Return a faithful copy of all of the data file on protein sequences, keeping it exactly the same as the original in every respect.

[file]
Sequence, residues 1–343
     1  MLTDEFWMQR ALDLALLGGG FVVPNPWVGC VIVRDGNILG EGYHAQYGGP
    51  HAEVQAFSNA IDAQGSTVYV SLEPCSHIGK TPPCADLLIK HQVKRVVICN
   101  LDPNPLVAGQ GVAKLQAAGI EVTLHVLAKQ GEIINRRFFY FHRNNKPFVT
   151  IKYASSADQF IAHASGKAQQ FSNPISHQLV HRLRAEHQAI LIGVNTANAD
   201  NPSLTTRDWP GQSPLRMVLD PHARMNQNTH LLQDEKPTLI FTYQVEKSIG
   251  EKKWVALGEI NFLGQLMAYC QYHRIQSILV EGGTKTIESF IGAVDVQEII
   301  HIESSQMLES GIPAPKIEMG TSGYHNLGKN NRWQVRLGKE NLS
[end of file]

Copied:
Sequence, residues 1–343
     1  MLTDEFWMQR ALDLALLGGG FVVPNPWVGC VIVRDGNILG EGYHAQYGGP
    51  HAEVQAFSNA IDAQGSTVYV SLEPCSHIGK TPPCADLLIK HQVKRVVICN
   101  LDPNPLVAGQ GVAKLQAAGI EVTLHVLAKQ GEIINRRFFY FHRNNKPFVT
   151  IKYASSADQF IAHASGKAQQ FSNPISHQLV HRLRAEHQAI LIGVNTANAD
   201  NPSLTTRDWP GQSPLRMVLD PHARMNQNTH LLQDEKPTLI FTYQVEKSIG
   251  EKKWVALGEI NFLGQLMAYC QYHRIQSILV EGGTKTIESF IGAVDVQEII
   301  HIESSQMLES GIPAPKIEMG TSGYHNLGKN NRWQVRLGKE NLS